6 Ways Deans Can Encourage Deep Work for Students

deep work and deep learning for college

Cal Newport defines deep work as focused success. Today, students are overwhelmed with distractions. Still, the ability to focus on an intellectually demanding task without distraction is becoming a rare skill. Deans can utilize these deep work methods to encourage college success for their students.


Create a Course Promoting Deep Work

First, teach faculty, staff, and students the difference between busy and deep work tasks. Create courses that identify shallow work practices. Bouncing around inboxes, social media sites, and LMS are shallow work tasks. Schools that create courses that teach students how to identify shallow work tasks will promote an understanding of deep learning. 


Help Cultivate Habits, Routines, and Rituals

Likewise, rituals and routines are powerful ways to develop good habits. Campus rituals provide structure in which deep work flourishes. Leaders can promote rituals by relying on campus and department traditions. These traditions can inspire students to add their names and work to the legacy wall of fame. Also, college administrators can set aside time for faculty to work with students to develop individual productivity plans. Moreover, faculty can weave time management best practices into courses. Teaching students how to produce and scheduled time-blocking to complete coursework helps to encourage deep work.


Revise College Scheduling and Policies for Deep Work 

Also, deans can promote the  best practices by pushing policy changes that promote deep learning. Deep work requires both large meeting spaces and small individual rooms. Deans can follow deep work practices to set up standard meeting room appointment blocks that mirror best practices. Reflection is key to deep work. Yet, being with others often spurs insight.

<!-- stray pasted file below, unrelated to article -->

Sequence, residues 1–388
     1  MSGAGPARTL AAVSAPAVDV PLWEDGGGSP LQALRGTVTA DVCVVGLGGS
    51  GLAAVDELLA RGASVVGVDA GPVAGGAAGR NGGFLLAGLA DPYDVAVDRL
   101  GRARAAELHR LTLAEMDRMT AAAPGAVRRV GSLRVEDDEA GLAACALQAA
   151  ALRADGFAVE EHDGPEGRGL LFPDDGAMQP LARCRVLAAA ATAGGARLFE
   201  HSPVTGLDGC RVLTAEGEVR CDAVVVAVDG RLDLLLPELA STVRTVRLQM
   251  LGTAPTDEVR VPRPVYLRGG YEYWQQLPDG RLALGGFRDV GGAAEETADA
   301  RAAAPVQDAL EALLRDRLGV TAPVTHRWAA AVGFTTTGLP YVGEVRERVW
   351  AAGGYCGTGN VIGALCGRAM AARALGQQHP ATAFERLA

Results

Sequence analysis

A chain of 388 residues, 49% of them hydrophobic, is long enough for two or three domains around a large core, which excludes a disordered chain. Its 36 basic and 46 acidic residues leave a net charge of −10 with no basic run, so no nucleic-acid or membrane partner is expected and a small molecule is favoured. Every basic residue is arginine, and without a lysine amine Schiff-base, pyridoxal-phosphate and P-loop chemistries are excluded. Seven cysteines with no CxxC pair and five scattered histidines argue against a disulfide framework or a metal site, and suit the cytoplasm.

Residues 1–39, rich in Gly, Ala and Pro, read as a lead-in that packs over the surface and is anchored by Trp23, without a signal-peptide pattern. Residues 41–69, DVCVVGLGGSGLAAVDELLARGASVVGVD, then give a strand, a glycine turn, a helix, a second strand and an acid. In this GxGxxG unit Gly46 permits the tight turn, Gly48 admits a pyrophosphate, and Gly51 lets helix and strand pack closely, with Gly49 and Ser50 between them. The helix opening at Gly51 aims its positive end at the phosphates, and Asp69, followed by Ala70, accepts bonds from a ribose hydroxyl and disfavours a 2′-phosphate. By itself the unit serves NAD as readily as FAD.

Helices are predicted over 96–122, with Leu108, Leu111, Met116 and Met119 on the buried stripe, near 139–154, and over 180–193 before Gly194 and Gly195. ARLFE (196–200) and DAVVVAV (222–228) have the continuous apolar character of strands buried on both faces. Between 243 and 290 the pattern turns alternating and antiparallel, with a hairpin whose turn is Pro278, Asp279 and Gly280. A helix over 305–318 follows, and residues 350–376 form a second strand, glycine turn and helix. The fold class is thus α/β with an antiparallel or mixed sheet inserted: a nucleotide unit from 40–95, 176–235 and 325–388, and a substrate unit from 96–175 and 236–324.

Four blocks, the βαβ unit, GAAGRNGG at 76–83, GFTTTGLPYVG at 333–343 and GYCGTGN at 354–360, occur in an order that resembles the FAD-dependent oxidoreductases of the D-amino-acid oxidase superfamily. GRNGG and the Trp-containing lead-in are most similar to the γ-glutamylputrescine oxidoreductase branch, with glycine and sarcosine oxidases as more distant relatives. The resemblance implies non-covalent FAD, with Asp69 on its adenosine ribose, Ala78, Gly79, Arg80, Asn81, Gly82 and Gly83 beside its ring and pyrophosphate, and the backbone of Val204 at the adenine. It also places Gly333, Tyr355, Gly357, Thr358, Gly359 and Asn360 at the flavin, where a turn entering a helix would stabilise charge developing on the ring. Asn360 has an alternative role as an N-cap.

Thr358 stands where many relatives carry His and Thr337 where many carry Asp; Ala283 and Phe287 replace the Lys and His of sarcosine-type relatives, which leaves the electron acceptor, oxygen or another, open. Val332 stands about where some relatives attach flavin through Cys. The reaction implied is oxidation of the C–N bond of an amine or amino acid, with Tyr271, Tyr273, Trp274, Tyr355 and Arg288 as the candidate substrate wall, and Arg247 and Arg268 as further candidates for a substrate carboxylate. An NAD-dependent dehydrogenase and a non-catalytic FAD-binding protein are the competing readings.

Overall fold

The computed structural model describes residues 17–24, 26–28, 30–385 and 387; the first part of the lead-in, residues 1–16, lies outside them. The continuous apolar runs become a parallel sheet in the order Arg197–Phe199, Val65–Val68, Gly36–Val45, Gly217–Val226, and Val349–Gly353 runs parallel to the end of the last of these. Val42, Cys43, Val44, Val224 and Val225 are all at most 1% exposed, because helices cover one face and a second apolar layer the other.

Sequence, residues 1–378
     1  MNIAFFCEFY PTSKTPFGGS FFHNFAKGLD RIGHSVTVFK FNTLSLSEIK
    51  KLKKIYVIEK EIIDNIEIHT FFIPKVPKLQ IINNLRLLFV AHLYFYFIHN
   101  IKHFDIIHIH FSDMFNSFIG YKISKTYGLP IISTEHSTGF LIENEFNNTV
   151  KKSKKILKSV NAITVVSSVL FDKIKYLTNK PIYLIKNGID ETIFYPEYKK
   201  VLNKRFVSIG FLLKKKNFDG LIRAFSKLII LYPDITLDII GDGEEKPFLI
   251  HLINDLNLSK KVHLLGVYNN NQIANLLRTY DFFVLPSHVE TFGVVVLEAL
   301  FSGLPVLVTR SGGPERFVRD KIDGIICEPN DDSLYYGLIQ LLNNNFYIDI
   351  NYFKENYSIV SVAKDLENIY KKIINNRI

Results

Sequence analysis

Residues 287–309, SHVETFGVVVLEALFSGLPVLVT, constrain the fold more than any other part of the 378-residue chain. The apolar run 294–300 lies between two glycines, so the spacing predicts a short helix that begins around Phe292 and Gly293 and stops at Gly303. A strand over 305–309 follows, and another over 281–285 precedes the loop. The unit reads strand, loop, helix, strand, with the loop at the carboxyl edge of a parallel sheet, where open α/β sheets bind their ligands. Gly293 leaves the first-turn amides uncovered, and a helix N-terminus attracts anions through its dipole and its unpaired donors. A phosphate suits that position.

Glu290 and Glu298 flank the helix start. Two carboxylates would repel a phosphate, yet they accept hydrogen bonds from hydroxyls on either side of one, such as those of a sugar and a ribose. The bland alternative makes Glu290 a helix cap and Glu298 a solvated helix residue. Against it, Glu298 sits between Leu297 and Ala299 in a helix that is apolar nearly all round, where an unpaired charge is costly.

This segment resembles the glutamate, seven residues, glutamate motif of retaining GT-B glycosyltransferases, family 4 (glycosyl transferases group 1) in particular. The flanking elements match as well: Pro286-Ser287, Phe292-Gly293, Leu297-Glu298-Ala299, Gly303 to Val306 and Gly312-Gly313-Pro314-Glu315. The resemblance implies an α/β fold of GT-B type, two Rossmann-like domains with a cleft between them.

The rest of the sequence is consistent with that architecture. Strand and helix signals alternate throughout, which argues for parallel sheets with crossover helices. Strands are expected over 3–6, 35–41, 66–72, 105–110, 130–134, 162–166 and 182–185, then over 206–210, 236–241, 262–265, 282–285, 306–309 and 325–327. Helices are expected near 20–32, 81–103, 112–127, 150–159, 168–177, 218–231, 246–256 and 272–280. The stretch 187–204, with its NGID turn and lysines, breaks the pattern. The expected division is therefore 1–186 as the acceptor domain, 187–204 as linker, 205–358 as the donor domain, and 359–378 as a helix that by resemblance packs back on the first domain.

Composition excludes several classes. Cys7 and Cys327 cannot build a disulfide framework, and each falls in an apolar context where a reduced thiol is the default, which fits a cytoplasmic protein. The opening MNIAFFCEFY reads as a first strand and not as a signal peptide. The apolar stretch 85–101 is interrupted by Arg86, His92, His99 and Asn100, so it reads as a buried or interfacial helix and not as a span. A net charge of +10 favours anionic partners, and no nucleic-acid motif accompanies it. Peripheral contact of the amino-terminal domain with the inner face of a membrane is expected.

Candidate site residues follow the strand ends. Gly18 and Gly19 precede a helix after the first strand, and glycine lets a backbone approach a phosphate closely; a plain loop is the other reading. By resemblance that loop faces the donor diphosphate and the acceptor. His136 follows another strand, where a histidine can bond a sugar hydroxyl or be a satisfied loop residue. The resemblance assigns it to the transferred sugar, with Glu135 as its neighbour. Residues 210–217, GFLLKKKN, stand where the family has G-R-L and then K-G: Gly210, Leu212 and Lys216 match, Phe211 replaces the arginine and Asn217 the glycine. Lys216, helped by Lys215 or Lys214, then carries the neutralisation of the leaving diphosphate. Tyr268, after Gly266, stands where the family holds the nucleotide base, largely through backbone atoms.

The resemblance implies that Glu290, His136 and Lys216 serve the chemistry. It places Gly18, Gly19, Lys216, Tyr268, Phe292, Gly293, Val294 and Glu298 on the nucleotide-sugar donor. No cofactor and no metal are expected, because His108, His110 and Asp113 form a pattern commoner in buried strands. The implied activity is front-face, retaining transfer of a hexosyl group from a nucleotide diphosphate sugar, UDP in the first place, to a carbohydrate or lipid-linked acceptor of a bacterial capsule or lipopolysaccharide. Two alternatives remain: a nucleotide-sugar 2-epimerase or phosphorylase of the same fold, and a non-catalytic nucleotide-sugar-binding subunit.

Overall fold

Encourage Downtime to Support Deep Work   

Still, downtime improves the quality of thinking for deep work. Long hours and being on alert are not restful; it is stressful.  Students struggle enough to balance work, family, and school demands. Deans can advocate for safe green spaces on campus. They can design walking and nature trails on campus. Teaching staff can include assignments that encourage students to let their minds rest and reset.


Decrease Digital Distractions and Offer Offline Activities

Besides that, deans can promote offline entertainment options for students. Leaders can urge students to be involved in distraction-free non-digital activities. Still, a robust activity calendar can help students recharge. Also, deans can promote policy that decreases digital distractions. A good policy can limit the distractions of texts and inboxes from non-essential sources. Besides that, an effective policy can create a one-stop go-to spot for student communication and work.


Invest in Grand Gestures

As well, deans can promote grand gestures. These big deal events like Code Weeks and Hack Fests change up the routine to encourage deep work. Colleges should invest in these events just to shake things loose. Besides that, grand gestures can attract new recruits. Grand gestures encourage deep learning as it forces folks to adapt and play along.


In sum, deans can inspire deep work in students.  Leaders can train faculty and students to adopt habits that promote deep work. Deans can rely on traditions to provide a ritualistic structure needed to shift the campus to a deep learning culture. Also, deans can redesign both policy and buildings to integrate deep work best practices.


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